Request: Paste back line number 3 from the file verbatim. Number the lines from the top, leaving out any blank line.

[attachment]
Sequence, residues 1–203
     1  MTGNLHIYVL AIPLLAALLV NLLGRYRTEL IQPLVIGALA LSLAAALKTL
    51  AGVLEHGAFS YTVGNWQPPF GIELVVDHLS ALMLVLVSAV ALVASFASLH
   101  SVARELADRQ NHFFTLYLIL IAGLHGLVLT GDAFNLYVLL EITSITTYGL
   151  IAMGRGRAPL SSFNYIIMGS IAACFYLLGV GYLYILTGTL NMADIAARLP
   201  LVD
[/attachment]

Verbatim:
    51  AGVLEHGAFS YTVGNWQPPF GIELVVDHLS ALMLVLVSAV ALVASFASLH